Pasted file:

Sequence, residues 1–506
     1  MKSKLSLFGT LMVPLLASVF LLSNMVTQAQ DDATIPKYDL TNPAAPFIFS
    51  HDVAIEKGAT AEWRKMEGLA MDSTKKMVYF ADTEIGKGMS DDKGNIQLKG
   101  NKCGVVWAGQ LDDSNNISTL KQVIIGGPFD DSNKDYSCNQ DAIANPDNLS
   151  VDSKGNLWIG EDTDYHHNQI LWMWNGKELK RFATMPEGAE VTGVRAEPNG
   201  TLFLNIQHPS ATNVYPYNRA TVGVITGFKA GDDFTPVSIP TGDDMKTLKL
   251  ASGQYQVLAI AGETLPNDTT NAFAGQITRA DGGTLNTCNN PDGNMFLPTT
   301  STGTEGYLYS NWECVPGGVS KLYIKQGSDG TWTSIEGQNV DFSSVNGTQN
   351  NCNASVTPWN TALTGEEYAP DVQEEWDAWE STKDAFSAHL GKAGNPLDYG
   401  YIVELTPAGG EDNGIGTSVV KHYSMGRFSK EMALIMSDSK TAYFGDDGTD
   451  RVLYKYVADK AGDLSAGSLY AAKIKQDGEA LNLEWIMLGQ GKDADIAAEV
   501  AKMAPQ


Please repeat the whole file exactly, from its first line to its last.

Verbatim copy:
Sequence, residues 1–506
     1  MKSKLSLFGT LMVPLLASVF LLSNMVTQAQ DDATIPKYDL TNPAAPFIFS
    51  HDVAIEKGAT AEWRKMEGLA MDSTKKMVYF ADTEIGKGMS DDKGNIQLKG
   101  NKCGVVWAGQ LDDSNNISTL KQVIIGGPFD DSNKDYSCNQ DAIANPDNLS
   151  VDSKGNLWIG EDTDYHHNQI LWMWNGKELK RFATMPEGAE VTGVRAEPNG
   201  TLFLNIQHPS ATNVYPYNRA TVGVITGFKA GDDFTPVSIP TGDDMKTLKL
   251  ASGQYQVLAI AGETLPNDTT NAFAGQITRA DGGTLNTCNN PDGNMFLPTT
   301  STGTEGYLYS NWECVPGGVS KLYIKQGSDG TWTSIEGQNV DFSSVNGTQN
   351  NCNASVTPWN TALTGEEYAP DVQEEWDAWE STKDAFSAHL GKAGNPLDYG
   401  YIVELTPAGG EDNGIGTSVV KHYSMGRFSK EMALIMSDSK TAYFGDDGTD
   451  RVLYKYVADK AGDLSAGSLY AAKIKQDGEA LNLEWIMLGQ GKDADIAAEV
   501  AKMAPQ